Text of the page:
Radio and band singer Nan Wynn reached the height of her popularity during the late 1930s. From 1938 to mid-1940, her voice was heard regularly over the airwaves and on a number of memorable recordings. In the early 1940s, Wynn shifted her focus to acting, appearing in film and on Broadway before a diagnosis of throat cancer effectively ended her career in 1949. She is best remembered today for her work with Teddy Wilson and Hal Kemp and as Rita Hayworth’s first vocal double.
Born in York, Pennsylvania, Wynn grew up in Wheeling, West Virginia, and by early 1935 had made her way to New York, supposedly alone, at age 16. By February of that year, she had become part of the Champagne Cocktail vaudeville unit as a singer, where she remained until at least late March. In 1936, she appeared in a musical short with Vincent Lopez for Warner Bros.
In early 1937, Wynn became vocalist for the Hudson-DeLange Orchestra, with whom she made her first recordings. She soon began to attract attention, and by January 1938 she had left Hudson-DeLange for CBS radio, where she appeared regularly with her own fifteen-minute sustainer and on other programs, including Musical Gazette. In March and June 1938, Wynn recorded with Emery Deutsch on Brunswick, and in July she began a series of recordings with Teddy Wilson on the same label. She also signed with Vocalion in mid-1938, releasing solo recordings over the next year billed as “Nan Wynn and her Orchestra,” though it was only a studio band. Wynn’s vocal style fooled many into thinking she was black, and the press often went out of their way to clarify that she was actually white. One reviewer compared her voice to a cross between Mildred Bailey and Ella Fitzgerald.
Wynn substituted for Durelle Alexander in Eddy Duchin’s band in mid-September 1938 when Alexander had to return home for a family emergency, and on October 1 she made her night club debut as a solo artist at the Belmont Plaza Hotel. On October 9 she began a new sustainer program on CBS with Walter Gross leading the orchestra, recording two songs on Vocalion with Gross backing her. Wynn made two musical shorts for Paramount in 1938 and a third in 1939. In February 1939, she opened at the Famous Door night club.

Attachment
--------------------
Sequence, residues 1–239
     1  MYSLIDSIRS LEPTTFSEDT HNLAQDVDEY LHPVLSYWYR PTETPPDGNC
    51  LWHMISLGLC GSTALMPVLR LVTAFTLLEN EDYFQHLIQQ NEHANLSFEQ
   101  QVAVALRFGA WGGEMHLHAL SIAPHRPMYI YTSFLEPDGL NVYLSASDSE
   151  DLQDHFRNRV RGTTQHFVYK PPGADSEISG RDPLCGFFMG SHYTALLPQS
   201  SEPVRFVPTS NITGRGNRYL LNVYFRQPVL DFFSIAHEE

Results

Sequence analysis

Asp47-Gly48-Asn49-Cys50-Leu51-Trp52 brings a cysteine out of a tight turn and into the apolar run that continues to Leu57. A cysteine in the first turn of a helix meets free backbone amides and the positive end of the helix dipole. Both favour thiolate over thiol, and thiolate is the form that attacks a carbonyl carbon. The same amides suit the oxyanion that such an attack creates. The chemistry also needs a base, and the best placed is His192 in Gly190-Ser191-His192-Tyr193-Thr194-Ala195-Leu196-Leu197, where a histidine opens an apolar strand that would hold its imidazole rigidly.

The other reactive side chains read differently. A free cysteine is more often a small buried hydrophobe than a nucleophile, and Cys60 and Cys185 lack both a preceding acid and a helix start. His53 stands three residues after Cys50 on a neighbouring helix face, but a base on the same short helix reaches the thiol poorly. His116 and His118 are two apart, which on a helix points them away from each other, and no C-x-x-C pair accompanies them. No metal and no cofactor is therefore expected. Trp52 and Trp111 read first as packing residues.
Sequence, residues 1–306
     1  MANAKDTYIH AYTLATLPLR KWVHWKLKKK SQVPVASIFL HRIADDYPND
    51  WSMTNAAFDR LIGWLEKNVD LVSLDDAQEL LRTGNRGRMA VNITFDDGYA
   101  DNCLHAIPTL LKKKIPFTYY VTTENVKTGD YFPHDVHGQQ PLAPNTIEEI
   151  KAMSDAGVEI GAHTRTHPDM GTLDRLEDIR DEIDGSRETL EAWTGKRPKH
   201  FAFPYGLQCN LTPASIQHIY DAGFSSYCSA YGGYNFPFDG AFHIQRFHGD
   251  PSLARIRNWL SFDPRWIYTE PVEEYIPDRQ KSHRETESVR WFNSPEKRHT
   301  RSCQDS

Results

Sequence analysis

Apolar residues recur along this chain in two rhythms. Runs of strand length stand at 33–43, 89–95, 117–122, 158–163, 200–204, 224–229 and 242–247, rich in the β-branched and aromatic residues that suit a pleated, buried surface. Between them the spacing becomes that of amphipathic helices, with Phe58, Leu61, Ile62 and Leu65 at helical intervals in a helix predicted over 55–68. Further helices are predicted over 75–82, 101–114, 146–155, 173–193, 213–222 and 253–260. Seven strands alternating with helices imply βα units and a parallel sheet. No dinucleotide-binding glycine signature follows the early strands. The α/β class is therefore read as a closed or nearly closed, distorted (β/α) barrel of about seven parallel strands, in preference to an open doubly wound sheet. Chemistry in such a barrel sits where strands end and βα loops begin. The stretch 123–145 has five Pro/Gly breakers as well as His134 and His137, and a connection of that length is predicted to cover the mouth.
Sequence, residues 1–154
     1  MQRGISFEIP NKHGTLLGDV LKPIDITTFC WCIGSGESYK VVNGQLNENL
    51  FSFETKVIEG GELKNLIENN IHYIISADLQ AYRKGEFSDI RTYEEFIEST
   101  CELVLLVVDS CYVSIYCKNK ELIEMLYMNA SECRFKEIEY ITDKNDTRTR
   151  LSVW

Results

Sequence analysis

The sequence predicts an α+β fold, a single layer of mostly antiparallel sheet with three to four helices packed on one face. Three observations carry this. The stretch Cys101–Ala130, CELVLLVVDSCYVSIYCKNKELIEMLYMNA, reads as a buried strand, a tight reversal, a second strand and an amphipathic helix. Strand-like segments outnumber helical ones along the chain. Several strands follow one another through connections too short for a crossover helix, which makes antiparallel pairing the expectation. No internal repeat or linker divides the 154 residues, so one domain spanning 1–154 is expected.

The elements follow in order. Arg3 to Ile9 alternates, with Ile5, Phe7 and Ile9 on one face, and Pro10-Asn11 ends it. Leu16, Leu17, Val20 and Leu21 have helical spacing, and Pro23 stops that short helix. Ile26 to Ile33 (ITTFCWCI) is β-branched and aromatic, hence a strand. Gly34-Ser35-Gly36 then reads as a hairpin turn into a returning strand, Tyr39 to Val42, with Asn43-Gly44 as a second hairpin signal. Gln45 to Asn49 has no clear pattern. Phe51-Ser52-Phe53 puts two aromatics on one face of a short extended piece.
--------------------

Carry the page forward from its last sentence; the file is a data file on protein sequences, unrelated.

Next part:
In early May 1939, Wynn joined the new CBS program Time to Shine, sponsored by Griffin shoe polish and featuring Hal Kemp’s orchestra. When Kemp’s female vocalist, Maxine Gray, left the band two weeks later, Wynn took her spot, touring and recording with Kemp over the next five months. She was not an employee of Kemp however. She and Kemp were both under contract to CBS and Griffin. When Griffin ended Time to Shine in October, Wynn and Kemp parted company. Her time with Kemp, however, proved popular with the public. She placed ninth in Billboard magazine’s 1940 poll for favorite female band vocalist.
After leaving Kemp, Wynn continued her solo career. In February 1940, she joined the Concert in Rhythm program, which featured Raymond Scott’s studio orchestra and Jack Leonard as male vocalist. She also toured the theater circuit. During opening night at Atlanta’s Roxy Theater on April 4 a small fire under the stage started by a cable shortage caused smoke to fill the theater. Not realizing what was going on, both the audience and Wynn found the appearance of the smoke amusing. One audience member asked her to sing “Smoke Gets in Your Eyes,” which she obliged before everyone was finally told to leave the building.
In mid-1940, Scott, better known at the time for his eccentric compositions, decided to try his hand at leading a straight dance band. Since Wynn had been singing with Scott on radio for the past few months, CBS contracted her as his vocalist. She was guaranteed three songs on each broadcast and would record with the band as well. Known as Raymond Scott and his New Orchestra, the group debuted in July, hitting the theater and hotel circuit. They attracted much publicity, but Wynn was unhappy, and she quit both Scott and the radio show in early September after the band’s engagement at the Sherman Hotel in Chicago, saying she would never work with a dance band ever again.
Scott was notoriously difficult to work for, especially for a singer of Wynn’s experience and caliber. He expected his vocalist to follow arrangements exactly. He allowed no improvisation, and he often handed them a new song to learn only hours before a performance. Wynn’s comments to Down Beat after she left reflect her frustration:
Working with a straight dance orchestra doesn’t give a singer much scope… A singer—especially a girl—is decidedly limited singing with a dance band. Often the leader is more interested in vocal backgrounds than he is the vocal itself. Besides, I’ve long wanted to do more serious music, tunes by Cole Porter, Jerome Kern and the rest. And being on my own, I can set my own tempos and have the backgrounds I want, for a change.
After leaving Scott, Wynn remained in Chicago, opening on September 26 in the swank Pump Room of the Hotel Ambassador. Billy Strayhorn provided arrangements. Her ultimate goal, however, was to make the switch to motion pictures, and to that effect she studied dramatics during the fall. Moving to Hollywood, her hard work paid off when Warner Bros. signed her to a contract on February 1, 1941. She made her screen debut as an actress soon after in the low budget noir thriller A Shot in the Dark, playing the lead female role, a night club singer. The film did little to advance her prospects however.